I saw an extra I work with every week who I've nicknamed The General (no idea what his name really is) because he was our garrison's leader on THE GOOD GERMAN, and he told me the plot of the film. It's quite clever, actually. SPOILERS: Basically, Christian Slater is a put-upon office employee who snaps and goes to work with a gun on the same day another employee does the same thing. When the other employee goes postal, shooting up the place, Slater pulls out his gun and dispatches him, becoming an unlikely hero. Cuthbert is shot through the spine and becomes paraplegic. END SPOILERS.

In the scene I was in, they had gone to a nice restaurant and he was feeding her in the wheelchair. Slater banged her wheelchair against the tables next to theirs, which included mine. We shot a fantasy sequence where she was fully mobile, then several passes of how it really was.

It was a very small shoot, and I believe there were fifteen or sixteen of us. Small shoots are infinitely preferable to big ones, since you'll sometimes get union vouchers and union food (got the latter, not the former) and always get more personal crew attention and camera time (got the latter, not the former). We didn't go very long, as the production had to be out of there by four for the restaurant to commence its usual day. I like small shoots and I like it when they're in a hurry.

Cuthbert struck me as particularly difficult to amuse, but the longer I sat by her, the cuter she got. I think the nose has something to do with it--her nose curves upward on the end in a really unusual way. I took the opportunity to say something to her, but the infamous Outfield stutter took over when I tried. It hasn't reared its ugly head since I gave that little elf on SANTA CLAUSE 3 the drawing I made of Martin Short crushing her in the door.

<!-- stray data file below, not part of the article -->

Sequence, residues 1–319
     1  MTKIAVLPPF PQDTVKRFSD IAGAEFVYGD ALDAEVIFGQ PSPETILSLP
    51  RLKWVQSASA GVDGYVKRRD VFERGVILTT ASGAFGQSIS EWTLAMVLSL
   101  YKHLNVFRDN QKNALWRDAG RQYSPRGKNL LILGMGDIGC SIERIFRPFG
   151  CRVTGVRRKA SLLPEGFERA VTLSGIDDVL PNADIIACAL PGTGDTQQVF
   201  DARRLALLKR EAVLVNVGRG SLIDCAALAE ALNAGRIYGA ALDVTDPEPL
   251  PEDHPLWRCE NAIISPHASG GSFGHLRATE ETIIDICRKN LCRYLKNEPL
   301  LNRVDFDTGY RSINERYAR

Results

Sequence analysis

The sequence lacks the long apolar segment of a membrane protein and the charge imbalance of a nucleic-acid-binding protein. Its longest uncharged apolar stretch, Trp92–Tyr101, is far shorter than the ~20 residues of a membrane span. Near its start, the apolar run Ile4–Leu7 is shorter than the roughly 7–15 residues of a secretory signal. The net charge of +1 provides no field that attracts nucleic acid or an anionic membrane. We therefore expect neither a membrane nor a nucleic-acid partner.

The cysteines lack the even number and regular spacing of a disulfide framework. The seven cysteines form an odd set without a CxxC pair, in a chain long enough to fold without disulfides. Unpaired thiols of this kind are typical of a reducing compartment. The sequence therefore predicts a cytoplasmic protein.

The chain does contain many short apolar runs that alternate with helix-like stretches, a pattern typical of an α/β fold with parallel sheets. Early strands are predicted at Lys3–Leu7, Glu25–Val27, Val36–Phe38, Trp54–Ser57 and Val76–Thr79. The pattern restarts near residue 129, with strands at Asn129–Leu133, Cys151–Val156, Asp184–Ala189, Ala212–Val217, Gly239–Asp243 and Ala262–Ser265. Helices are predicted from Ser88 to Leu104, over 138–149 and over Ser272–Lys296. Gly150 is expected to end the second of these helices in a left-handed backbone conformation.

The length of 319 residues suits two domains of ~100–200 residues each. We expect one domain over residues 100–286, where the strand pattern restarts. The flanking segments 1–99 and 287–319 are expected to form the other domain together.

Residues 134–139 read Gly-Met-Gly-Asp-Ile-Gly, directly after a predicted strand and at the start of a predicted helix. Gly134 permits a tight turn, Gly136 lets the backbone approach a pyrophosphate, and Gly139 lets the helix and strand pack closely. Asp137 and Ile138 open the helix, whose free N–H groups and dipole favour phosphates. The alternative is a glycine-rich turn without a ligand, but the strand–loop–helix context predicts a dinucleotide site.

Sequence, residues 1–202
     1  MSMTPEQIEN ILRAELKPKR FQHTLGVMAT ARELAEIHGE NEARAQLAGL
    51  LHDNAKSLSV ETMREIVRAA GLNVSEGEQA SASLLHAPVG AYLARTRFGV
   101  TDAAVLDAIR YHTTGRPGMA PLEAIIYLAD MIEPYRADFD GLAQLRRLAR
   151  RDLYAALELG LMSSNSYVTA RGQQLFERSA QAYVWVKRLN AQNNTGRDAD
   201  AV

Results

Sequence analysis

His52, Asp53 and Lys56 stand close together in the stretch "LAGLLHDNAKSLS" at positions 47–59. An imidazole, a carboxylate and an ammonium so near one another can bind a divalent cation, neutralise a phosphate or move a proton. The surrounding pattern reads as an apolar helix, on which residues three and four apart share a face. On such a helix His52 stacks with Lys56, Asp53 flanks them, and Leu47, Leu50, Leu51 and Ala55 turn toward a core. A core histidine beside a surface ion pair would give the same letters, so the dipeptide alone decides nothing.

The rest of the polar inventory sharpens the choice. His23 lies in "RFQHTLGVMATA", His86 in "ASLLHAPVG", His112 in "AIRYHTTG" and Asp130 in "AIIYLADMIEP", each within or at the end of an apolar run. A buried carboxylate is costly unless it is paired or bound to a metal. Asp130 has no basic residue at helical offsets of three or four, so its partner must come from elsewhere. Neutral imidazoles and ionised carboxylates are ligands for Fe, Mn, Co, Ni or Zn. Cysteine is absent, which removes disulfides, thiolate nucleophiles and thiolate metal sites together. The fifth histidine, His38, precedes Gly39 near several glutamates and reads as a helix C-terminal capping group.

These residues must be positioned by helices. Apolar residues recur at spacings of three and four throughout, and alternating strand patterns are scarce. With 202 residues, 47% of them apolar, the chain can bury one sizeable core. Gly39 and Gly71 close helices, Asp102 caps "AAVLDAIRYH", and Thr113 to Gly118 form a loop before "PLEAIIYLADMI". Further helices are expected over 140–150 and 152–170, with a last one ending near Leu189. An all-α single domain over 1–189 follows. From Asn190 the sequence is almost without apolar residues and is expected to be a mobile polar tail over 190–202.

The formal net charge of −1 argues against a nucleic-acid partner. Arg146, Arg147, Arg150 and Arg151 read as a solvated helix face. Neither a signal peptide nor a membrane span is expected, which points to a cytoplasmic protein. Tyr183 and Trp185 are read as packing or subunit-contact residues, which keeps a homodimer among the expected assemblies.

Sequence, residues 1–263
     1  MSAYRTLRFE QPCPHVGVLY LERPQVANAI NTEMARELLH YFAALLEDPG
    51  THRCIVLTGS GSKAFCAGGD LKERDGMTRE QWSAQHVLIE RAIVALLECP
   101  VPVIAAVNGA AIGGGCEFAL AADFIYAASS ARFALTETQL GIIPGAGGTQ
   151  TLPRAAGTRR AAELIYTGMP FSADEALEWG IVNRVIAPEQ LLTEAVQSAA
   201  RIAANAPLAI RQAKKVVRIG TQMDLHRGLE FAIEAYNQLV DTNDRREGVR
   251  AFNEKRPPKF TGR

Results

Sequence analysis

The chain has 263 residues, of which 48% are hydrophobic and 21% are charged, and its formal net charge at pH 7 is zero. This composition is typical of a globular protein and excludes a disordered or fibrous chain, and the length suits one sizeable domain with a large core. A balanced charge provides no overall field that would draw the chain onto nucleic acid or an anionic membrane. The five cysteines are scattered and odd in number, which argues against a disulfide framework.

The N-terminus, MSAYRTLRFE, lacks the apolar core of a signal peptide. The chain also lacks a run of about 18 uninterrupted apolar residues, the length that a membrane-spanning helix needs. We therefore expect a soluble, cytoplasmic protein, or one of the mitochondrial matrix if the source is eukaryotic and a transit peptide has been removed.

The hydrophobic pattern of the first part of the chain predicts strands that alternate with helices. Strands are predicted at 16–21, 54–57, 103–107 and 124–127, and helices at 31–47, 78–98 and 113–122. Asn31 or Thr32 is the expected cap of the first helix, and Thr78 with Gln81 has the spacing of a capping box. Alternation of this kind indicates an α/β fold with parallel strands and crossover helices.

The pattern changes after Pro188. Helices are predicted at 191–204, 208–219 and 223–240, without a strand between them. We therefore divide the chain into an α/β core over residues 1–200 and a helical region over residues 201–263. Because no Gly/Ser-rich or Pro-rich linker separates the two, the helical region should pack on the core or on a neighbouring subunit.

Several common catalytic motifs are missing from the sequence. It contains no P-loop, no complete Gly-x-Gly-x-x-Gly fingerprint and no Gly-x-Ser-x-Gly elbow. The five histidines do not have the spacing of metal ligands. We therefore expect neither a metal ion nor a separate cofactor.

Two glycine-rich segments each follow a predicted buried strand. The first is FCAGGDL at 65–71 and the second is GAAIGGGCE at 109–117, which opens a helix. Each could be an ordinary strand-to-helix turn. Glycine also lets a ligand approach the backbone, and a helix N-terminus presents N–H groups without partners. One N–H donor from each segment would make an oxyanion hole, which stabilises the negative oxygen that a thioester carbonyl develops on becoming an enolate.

The woman I was partnered up with (my date at the table) was quite a good actress, forcing me to raise my game even in the shots where our backs were to the camera and pretend to talk and drink. She was, however, what the textbooks refer to as a know-it-all, telling me all about the inner workings of the film world (in Canada, she went to many auditions for real parts, before finally slumming it and doing Extra work), how she knew what the movie was about using deductive reasoning (I simply asked somebody), and the prestigious jobs she had gotten in her mere two months of working here in L.A..

She was a writer of poetry (hmmm*), but was making the transition to screenwriting, using all the bits of information she had picked up here and there. I tried to be friendly--and indeed was--but it got a little tiring to hear her condescend to me when I'm sure I had a decade on her, so I said, "I'm impressed you've actually written a screenplay. You have no idea how many people in L.A. call themselves screenwriters and when you ask them how many scripts they have written, they say, 'I'm still working on my first.'" Well, I'm still learning the format, but I've got the story for one all ready to go. "Oh," I said, "Whoops, sorry about that." Of course I knew that's what she was going to say, but I had to deflate the balloon a tiny bit (after all, she said "aunt" so it rhymed with "haunt").

We spent a couple of hours together on our "date," up at the bar and then at our table right next to the principals (Slater and Cuthbert). She told me about this bizarre diet she was on--not really a diet since she weighed about 97 pounds--something she called a "thirty-day cleansing." I told her I'd give her a dollar if she'd eat a Dorito. But I was just kidding. I don't have a dollar.

Rish Chalupa Outfield

*A screenwriter or storyteller talking down to a poet is, in my mind, like a basketball player or boxer talking down to a professional bowler. But hey, that's just me.